Retrospective, observational study evaluating the last 5 days

of life of all patients who died in an internal medicine service, in a

period of 13 months. Characterize the use of antibiotics prescription

regarding microbacterial isolation and the functional status of patients

(ECOG-PS). Data was collected after consultation of clinical charts.


Were included 70 patients, in 46% the etiology of death was

infectious. 86% of were under antibiotics within the last 5 days of

life. In 72% there were no microbacterial isolation, and only in23%

the antibiotic was prescribed according to antibiotic sensivity test.

Reserve antibiotic were used in 92% of patients. In the study

population 48,6% had an ECOG-PS score



Despite the absence of microbacterial isolation or even

clinical benefit, 86% of patients were under antibiotic in the last 5 days

of life. The indiscriminate use of antibiotics and its clinical benefit

at the end-of-life are questionable, unless the utilization aiming

symptom control. We should rethink the indiscriminate prescription

of large-spectrum antibiotics and the consequences for public health.


The introduction of advance care plans into care home settings

L. Cottrell.

East Lancashire Hospital Trust, Ribble Valley, United Kingdom


the aimof this Quality Improvement Project was to improve

palliative and end of life care for patients within care home settings

through the introduction of advance care planning (ACP) through an

initial pilot.


34 bed care home and a 47 bed nursing home. These catered

for patients with physical disabilities, general frailty and varying

degrees of cognitive impairment.


Quality Improvement Methodology was used for this pilot.

A review of the literature was undertaken alongside stakeholder

interviews and process mapping in order to gather opinion. A pre

hospital admission audit was undertaken to provide a baseline for

comparison in 12 months time. Plan Do Study Act cycles enabled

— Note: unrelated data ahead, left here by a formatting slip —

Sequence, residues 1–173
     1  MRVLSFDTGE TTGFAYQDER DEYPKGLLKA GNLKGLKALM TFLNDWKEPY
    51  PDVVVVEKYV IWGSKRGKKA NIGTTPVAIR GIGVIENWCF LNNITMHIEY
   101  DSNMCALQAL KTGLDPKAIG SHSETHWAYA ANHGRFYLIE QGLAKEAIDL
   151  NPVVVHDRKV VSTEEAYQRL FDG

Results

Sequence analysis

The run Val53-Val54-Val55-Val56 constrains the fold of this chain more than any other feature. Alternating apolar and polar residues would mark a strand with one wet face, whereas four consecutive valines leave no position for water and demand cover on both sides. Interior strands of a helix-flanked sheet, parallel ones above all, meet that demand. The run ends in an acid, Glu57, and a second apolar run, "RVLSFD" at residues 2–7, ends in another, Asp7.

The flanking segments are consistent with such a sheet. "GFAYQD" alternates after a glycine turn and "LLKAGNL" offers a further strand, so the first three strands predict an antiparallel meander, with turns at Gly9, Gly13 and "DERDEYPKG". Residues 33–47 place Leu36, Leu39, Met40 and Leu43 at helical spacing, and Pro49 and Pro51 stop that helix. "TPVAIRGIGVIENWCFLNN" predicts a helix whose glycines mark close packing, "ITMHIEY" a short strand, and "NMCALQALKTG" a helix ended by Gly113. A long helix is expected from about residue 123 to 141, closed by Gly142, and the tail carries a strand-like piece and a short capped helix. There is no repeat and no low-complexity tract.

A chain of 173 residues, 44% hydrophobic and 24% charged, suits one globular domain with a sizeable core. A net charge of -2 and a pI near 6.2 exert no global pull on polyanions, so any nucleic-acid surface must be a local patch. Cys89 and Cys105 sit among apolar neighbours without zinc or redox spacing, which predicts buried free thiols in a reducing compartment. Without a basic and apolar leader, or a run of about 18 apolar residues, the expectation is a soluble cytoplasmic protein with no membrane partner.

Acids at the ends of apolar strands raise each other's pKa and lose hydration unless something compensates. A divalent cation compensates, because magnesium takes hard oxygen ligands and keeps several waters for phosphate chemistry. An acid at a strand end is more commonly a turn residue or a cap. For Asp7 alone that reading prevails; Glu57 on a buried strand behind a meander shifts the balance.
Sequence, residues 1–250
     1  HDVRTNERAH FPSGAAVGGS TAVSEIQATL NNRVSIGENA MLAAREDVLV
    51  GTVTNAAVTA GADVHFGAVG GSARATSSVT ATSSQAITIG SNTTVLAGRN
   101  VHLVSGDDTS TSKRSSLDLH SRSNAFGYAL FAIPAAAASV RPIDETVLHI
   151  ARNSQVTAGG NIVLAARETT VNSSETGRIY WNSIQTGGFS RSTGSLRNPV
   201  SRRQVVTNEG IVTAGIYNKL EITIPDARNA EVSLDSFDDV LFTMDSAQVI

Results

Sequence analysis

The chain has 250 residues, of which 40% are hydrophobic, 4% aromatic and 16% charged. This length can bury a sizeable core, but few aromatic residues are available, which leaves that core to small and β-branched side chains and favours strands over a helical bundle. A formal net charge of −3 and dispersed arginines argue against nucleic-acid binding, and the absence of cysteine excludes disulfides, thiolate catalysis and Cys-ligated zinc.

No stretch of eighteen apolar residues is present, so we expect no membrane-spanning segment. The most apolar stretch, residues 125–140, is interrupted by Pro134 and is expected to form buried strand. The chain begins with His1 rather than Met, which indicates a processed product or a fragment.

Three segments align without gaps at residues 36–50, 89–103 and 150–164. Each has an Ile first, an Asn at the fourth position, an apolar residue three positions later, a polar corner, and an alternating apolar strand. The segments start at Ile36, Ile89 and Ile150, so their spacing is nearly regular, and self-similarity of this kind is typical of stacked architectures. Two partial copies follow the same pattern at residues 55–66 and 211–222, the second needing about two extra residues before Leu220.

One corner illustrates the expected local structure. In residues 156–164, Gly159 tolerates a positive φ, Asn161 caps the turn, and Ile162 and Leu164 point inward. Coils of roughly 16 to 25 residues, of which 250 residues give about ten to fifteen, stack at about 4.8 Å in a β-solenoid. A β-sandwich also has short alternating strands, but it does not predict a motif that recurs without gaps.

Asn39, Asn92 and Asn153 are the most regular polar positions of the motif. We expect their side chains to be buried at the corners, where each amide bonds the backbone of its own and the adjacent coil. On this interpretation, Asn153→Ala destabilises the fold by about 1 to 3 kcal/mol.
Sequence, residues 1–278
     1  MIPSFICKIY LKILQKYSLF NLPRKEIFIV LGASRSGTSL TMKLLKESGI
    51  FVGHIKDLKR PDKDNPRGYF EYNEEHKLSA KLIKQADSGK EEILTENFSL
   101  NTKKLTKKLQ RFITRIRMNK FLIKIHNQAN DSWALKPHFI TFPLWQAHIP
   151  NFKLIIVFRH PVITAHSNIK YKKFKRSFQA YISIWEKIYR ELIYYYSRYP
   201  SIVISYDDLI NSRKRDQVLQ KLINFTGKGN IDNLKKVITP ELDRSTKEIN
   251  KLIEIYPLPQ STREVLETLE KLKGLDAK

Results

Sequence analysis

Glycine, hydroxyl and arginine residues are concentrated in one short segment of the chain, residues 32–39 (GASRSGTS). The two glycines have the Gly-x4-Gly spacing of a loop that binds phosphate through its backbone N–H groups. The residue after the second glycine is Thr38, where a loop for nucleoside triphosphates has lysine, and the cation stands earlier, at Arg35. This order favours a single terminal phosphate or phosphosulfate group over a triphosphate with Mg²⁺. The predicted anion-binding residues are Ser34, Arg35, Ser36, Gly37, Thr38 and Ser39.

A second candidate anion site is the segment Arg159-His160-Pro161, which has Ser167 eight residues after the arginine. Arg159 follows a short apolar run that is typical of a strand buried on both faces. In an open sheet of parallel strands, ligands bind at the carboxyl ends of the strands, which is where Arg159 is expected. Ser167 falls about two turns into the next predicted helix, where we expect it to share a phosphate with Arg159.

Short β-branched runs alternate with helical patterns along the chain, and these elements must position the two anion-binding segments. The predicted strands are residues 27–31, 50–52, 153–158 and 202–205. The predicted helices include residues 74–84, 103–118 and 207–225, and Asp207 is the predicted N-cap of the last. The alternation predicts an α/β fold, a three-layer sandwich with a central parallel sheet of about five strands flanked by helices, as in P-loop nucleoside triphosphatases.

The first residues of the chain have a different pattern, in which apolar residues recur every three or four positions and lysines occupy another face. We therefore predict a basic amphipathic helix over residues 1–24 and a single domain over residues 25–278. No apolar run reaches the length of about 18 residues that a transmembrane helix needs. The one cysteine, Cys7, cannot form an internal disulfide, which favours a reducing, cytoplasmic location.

theories to be tested and adapted.


76 out of 79 patients and their families engaged with the

process of ACP. 52 Do Not Attempt Resuscitation forms were completed

in line with patient wishes. All patients had a frailty score documented

on their medical record to aid risk stratification and end of life care



care home staff and the majority of patients and their

relatives welcomed the introduction of ACP. This enabled patient

wishes to be documented, improved multi-disciplinary communi-

cation and end of life care planning through the use of frailty scores.

It is too early to say whether the project has reduced avoidable hospital

admissions. The project will now be rolled out across the remaining

seven care homes and the data analysed in full at the end of the project

in 12 months time.


Can the Charlson co-morbidity index guide inpatient resuscitation

and escalation discussions?

O. David


, B. Patel


, C. Baulch


, K. Broomfield




RBCH, England NHS, UK


The Charlson comorbidity index (1) is a prospectively

applicable weighted estimate of future mortality that takes account

of the number and seriousness of comorbid disease. It is not used

routinely in NHS (UK) geriatrics to help facilitate end of life planning

or discussion.


We conducted a scoping audit of co-morbidities, resusci-

tation and escalation documentation on several of our geriatrics

wards to see if gathering additional data on co-morbidity might be a

practical aid to guide patient, family and clinician discussion.


Sixty nine (n = 69) patient escalation and resuscitation forms

were reviewed, with ages ranging from 73 to 102. Resuscitation

wishes were either




in 42% (29/69). Those opting

not for resuscitation

had clear documentation in only 21% (14/69).

Ward escalation decisions to deteriorating health were not clear in 55%

(37/69), and often not discussed with patient or relatives. 73% (50/69)

Poster presentations / European Geriatric Medicine 7S1 (2016) S29